And yet, understandably most people want to at least achieve getting their toes off the floor so that they are in a hand-based balance. So it is time to exploded the physical myths.
You haven’t understood crow at all if you think that it is about arm strength; indeed if you are practising mindfully, then there should be minimal weight bearing on your arm muscles.
The biomechanics of crow are pretty simple. In good alignment the elbows will sit directly above the wrists; the bodyweight itself then centred above the elbows. Too far forward and the wrists will pinch in compression, too far back and the arms muscles will have to work overtime to keep the bodyweight airborne. Once in alignment the skeleton transfers the load of the body down through the radius and ulnar bones of the lower arm and into the floor, just like a road bridge transferring thousands of tonnes through relatively skinny piers.
The hands themselves””barely any different in surface area to the feet””share the same five digits, have arches just like the feet and work in a similar fashion but for the fact that the feet and ankles are stronger in extension than flexion, which allows our feet to make a thousand adjustments of balance every minute. We need to replicate this skill in all of our hand balances and, here comes a timely reminder about the wrist-strengthening preparation that we should have practised at the start of class. We should also remember the importance of spreading the weight through the palms, recruiting both the pinky side (hypothenar) to thumb side (thenar) of the hand muscle.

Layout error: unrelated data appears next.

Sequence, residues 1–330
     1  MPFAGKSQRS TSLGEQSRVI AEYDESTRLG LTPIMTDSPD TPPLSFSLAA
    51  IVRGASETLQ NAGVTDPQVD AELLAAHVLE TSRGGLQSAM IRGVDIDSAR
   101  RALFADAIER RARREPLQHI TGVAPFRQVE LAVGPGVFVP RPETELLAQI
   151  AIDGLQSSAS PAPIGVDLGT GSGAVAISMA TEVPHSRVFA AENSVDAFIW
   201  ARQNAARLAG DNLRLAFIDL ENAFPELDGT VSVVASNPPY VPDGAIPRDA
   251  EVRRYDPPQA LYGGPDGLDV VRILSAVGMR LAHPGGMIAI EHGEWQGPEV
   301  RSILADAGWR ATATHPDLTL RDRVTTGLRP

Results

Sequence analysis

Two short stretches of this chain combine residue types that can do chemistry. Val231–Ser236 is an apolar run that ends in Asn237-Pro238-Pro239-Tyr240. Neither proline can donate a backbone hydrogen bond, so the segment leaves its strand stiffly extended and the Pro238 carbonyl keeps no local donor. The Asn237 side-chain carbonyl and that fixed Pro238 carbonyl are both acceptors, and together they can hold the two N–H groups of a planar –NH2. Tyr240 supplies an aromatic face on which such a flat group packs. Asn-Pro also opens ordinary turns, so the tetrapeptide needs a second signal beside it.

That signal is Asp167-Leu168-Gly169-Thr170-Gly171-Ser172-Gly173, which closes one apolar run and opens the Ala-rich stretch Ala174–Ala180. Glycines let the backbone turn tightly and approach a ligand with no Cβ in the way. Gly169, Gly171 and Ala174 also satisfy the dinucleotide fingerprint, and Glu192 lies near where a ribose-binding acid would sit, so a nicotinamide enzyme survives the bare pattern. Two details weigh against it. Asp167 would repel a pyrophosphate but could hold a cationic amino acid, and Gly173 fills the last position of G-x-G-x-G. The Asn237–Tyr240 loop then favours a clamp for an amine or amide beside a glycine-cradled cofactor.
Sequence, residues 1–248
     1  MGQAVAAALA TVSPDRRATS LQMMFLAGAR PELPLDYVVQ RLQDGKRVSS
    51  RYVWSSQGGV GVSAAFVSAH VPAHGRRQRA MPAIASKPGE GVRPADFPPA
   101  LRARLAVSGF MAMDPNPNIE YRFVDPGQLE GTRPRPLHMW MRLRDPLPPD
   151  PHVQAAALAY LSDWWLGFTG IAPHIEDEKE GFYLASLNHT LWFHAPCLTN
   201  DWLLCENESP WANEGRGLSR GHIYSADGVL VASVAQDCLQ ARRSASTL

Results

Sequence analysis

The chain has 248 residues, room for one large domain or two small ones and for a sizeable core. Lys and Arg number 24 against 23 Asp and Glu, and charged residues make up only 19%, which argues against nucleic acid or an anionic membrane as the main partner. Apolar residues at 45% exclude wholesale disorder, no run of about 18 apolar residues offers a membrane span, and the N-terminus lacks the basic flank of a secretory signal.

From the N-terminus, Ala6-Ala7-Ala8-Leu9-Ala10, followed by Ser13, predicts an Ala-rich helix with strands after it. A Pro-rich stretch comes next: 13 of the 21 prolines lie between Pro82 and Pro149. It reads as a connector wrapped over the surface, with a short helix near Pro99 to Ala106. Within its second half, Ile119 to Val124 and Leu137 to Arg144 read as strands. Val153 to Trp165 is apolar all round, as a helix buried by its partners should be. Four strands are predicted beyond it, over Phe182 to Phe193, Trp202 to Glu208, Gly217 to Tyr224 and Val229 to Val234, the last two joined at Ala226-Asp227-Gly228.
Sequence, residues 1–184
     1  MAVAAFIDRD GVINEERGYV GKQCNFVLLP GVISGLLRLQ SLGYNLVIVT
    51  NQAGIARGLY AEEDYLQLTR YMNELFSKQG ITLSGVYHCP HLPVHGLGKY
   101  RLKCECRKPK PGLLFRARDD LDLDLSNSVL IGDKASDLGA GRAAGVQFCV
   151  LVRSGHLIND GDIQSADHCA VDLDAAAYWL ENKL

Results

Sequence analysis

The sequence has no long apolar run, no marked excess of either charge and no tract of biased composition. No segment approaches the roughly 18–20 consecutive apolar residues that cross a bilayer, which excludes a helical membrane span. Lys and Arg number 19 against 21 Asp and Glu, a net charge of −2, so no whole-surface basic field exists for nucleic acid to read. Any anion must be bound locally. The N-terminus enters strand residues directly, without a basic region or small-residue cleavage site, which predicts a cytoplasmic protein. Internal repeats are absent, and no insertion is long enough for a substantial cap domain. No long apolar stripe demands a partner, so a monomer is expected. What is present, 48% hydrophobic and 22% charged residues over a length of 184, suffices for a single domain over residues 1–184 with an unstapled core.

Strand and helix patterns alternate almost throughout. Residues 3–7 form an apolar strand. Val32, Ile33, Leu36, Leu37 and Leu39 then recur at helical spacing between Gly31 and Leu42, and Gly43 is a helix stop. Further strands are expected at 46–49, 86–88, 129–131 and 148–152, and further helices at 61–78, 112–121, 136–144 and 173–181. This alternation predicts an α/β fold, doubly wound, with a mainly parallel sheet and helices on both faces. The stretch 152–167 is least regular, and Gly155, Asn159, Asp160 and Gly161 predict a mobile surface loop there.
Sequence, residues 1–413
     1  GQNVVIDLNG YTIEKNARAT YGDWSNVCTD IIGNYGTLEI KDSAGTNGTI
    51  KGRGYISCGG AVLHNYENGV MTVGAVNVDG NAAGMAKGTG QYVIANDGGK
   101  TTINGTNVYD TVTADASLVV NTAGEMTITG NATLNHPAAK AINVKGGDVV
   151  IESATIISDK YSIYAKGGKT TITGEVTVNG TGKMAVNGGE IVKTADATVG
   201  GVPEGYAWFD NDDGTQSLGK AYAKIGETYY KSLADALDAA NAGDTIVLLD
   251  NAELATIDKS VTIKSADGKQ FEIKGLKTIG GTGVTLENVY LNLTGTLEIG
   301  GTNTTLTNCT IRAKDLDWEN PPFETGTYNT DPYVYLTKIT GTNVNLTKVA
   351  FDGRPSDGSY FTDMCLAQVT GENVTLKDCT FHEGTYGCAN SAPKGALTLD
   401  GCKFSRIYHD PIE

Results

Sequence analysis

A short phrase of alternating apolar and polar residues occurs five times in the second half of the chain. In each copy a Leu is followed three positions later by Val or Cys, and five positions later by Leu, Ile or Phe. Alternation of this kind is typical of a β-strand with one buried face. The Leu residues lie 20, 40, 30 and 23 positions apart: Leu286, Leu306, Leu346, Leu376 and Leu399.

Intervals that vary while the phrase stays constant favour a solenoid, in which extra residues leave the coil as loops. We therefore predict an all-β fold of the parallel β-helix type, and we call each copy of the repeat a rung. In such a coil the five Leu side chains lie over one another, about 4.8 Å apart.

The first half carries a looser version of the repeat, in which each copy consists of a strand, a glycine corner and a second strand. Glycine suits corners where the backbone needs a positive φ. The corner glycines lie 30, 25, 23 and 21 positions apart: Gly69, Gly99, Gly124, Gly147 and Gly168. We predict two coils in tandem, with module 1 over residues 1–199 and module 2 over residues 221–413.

The weight of the body sitting on the arms will eventually become uncomfortable because it shouldn’t ideally be there. Enter the core muscles. Activating the deeper core strength in our abdomen and rounding the back, we draw our feet towards the buttocks and our thighs into the chest. The weight is released from our arms and we are able to start straightening them. It should feel as though we are being drawn skywards…truly into flight! Work your core exercises before crow and see the difference.
The drishti, set ahead of the hands about 6-12 inches, allows us to move our body weight forward and into the skeletal alignment that we seek. New balancers tend to look down towards the hands; as they try to move forward, their balance shifts significantly as the body weight tries to move past their point of focus. This often leads to the inevitable touch down on the forehead…or the dreaded nose crash.
Don’t forget to breathe! Crow at the start requires intense concentration. Don’t hold your breath, let it flow steadily and be mindful of your body, making adjustments as necessary and observing what is happening on a physical and mental level. What could you do to improve the pose?
Start to become your own yoga teacher. You can know better than anyone, including your yoga teacher, what is going on with your body and so are best placed to make any corrections! It isn’t rocket science, it just takes an element of mindfulness in your practice.